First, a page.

Heartburn….. I mean Heartbleed


At this point it almost seems like Heartbleed doesn’t even need an introduction.  This has probably been one of the best marketed vulnerabilities since Conficker (thanks again, MS08-067!), and it’s only been out for a week!

But let’s make sure we get the understanding correct on what Heartbleed is and is not.

Heartbleed (officially noted as CVE-2014-0160 in the MITRE CVE® system) is a vulnerability in a software package called OpenSSL®, an open source implementation of the SSL/TLS standards.  So why is Heartbleed found in so many different products?

If you are developing a software solution or a system that needs to provide encryption for data, you have two options: write your own software, or use someone else’s.  Several commercial variants exist, but OpenSSL® is well supported, well documented, and free, so there is a huge “install” base of this software all over the Internet.

A completely comprehensive listing of exactly what products are affected is hard to build, since most of the organizations that utilize OpenSSL® under the hood don’t have it prominently disclosed.  The information security community is doing a pretty good job of putting together a list, but right now the best way to know for sure if you have any exposure to Heartbleed is to test.  There are plenty of methods available for testing exposure to this vulnerability.

  • Vulnerability Scanners – Most commercial vulnerability scanners have a signature/plugin available
  • Metasploit
    • A auxilliary scanner module called ssl_heartbleed has been released and is available in the main trunk (update with msfupdate and you’ll get it)

Go ahead and test.  I’ll wait right here.

Getting back to what makes this particular bug so bad, the problem happens with a very specific action available in the SSL/TLS standards.  The most common example of this is with the secure HTTP (HTTPS) protocol.  When your browser requests a connection over HTTPS, there is some math that both your browser and the server have to do to set up the secure part of the HTTPS connection.  It doesn’t take a really long time, but it does take some processing power, and a few milliseconds.  When the session your browser and the server have set up expires, both sides have to redo all the math, so a new feature called “heartbeat” was added that would allow a session to remain open, saving your browser, and more importantly the server, from having to do the additional processing .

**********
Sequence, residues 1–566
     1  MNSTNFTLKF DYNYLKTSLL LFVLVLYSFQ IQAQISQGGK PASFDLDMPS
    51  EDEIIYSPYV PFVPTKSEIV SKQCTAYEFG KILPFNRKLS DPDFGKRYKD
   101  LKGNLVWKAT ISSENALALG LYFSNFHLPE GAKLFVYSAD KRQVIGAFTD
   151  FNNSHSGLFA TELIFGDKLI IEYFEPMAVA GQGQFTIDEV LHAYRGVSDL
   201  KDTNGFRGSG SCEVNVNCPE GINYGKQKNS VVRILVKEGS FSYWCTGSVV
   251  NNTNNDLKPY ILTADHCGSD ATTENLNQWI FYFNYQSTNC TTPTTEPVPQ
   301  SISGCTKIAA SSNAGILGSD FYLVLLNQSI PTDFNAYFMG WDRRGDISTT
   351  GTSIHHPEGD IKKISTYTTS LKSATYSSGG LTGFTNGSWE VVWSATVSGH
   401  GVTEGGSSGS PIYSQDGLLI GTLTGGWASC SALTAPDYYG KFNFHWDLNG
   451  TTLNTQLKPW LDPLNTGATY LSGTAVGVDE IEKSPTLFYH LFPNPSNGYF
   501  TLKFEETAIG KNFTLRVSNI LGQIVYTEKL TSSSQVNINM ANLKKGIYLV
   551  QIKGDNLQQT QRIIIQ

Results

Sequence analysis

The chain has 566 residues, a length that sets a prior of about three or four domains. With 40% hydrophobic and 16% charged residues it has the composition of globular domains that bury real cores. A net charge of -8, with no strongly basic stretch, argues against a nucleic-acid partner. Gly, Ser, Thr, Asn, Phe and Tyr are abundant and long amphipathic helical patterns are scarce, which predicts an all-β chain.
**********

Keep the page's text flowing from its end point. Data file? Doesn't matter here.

The heartbeat check basically consists of a specific type of request over the HTTPS connection from the browser to the server, to which the server responds with an acknowledgement.  The problem comes in that the function that returns the value has a small flaw, one that lets the browser side add some additional instructions that makes the server return some information not intended for the browser to see.

The security researchers who discovered this vulnerability realized that the information the server was returning was actually whatever was in memory for the process on the server side.  This can include very sensitive things like 1) the private key for the certificate used to secure the service, 2) usernames and passwords for any users who may have logged in, and 3) other sensitive data that the service may be processing.

UPDATE: Follow on testing and research has not conclusively shown that private keys can be recovered via the Heartbleed vulnerability, but until confirmed we advise everyone to consider this possible still.  It appears the biggest concerns is in accessing confidential information that the service is processing or obtaining usernames and passwords of users who may have just logged in.

To be accurate, the Heartbleed bug discloses a small amount of the memory space (64 Kilobytes) to the attacker, and in order to really steal this information an attacker would need to be constantly “heartbleeding” a site to get this information.  Of course, it is distinctly possible to do, and the worst part is that there is nothing logged on the server side when this attack is conducted.